When your disability claim has been denied or terminated, the notice that you receive will provide you with the reason for denial as well as the deadline for making an appeal. At MacGillivray Law, we offer a no cost and no obligation assessment of your case. We can help you understand the reason for your denial and inform you of your options. During this initial consultation, it is important for you to bring:
- the denial letter,
- a copy of your insurance policy, and
- all medical evidence that you have.
Most disability claims can be resolved outside of Court through negotiations with the insurance company for a fair settlement amount. We can also begin a civil action, which means we will file a Notice of Action with the Court. Throughout the legal process, we advise our clients on the best course of action to receive maximum benefits.
My insurance policy says I need to be “totally disabled” to qualify for long term disability benefits. What does “totally disabled” mean?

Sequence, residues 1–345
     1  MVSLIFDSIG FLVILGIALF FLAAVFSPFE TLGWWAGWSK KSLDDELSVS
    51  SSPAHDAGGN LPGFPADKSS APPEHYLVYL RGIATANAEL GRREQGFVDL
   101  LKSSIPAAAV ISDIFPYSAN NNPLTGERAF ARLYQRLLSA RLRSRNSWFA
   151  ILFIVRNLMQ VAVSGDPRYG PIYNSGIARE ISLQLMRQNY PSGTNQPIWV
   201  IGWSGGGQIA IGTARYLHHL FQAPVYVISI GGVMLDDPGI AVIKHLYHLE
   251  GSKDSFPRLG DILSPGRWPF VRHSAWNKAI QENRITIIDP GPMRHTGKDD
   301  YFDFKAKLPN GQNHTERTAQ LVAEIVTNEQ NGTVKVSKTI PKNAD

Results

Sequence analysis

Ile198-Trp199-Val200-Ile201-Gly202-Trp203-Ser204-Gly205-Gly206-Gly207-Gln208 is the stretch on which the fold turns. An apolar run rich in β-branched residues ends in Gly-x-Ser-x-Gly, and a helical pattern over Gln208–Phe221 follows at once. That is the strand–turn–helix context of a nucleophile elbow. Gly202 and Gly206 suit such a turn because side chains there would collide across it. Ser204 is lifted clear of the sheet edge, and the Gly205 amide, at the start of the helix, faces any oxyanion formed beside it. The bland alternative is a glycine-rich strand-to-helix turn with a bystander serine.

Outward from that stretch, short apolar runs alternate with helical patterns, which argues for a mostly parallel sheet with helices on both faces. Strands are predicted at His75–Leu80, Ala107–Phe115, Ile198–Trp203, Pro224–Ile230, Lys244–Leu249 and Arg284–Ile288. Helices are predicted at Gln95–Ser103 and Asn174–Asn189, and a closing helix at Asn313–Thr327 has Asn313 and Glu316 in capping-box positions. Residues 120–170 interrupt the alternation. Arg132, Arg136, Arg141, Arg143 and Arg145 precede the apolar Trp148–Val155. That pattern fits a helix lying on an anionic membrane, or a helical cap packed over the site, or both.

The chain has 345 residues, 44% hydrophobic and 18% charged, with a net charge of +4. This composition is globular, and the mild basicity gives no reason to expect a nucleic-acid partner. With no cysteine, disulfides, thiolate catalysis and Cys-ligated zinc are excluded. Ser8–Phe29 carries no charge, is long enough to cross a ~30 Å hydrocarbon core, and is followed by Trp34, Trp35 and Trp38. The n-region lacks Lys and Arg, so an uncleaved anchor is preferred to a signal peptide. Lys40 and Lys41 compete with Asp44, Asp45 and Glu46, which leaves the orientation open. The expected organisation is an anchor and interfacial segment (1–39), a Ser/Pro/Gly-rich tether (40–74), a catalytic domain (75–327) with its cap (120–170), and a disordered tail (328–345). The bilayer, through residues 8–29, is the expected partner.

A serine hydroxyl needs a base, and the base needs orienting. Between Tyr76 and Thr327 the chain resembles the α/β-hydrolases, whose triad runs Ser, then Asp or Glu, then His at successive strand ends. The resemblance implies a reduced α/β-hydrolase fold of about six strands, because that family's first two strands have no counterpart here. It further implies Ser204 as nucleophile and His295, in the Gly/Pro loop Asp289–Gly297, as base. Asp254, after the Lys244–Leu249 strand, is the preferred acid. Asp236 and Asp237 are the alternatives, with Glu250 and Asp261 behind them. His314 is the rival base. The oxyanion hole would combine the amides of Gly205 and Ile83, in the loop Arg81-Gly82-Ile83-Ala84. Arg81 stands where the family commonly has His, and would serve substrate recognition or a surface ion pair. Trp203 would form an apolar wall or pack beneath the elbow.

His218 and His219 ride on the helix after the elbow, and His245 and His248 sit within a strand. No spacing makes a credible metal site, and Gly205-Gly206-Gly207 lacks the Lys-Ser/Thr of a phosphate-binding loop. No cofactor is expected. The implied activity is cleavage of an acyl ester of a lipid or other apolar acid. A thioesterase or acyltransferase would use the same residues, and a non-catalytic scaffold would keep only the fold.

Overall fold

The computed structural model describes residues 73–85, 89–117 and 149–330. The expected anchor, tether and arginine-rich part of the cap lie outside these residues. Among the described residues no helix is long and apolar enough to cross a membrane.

“Totally disabled” does not mean that you are entirely physically unable to work. For the purposes of long-term disability insurance, total disability is measured in relation to your capacity for work. You can be considered “totally disabled” if performing your regular work duties worsen your injury symptoms.
The Supreme Court of Canada set the test for total disability in Sucharov v. Paul Revere Life Insurance. In this case, the Supreme Court confirmed that total disability does not mean that you are completely physically incapable of engaging in any aspects of your occupation. Instead, total disability could mean that the strain caused by work in your regular occupation would inhibit your recovery.
What is the difference between “own occupation” and “any occupation”?
Under many long-term disability policies, you will receive insurance benefits for two years if you are unable to continue your own occupation due to your injury or disability. After two years, the definition of “disability” often changes from being unable to perform your “own occupation” to “any occupation”. However, any occupation does not mean any possible work. It means any work for which you are reasonably suited by your education, training, and experience. Learn more about the change in definition.